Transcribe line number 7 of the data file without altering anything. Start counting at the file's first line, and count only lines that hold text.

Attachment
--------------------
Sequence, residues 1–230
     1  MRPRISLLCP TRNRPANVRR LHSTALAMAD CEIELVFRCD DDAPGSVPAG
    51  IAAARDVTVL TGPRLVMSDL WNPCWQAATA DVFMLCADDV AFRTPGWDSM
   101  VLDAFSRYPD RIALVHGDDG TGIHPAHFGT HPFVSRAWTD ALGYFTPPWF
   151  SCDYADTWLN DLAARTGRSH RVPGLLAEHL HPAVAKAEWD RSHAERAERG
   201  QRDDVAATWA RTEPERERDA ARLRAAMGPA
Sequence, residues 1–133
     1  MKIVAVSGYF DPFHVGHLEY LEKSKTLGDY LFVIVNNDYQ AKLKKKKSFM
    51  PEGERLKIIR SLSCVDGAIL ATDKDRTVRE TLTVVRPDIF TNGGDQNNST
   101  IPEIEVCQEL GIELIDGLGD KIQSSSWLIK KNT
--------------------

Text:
Sequence, residues 1–133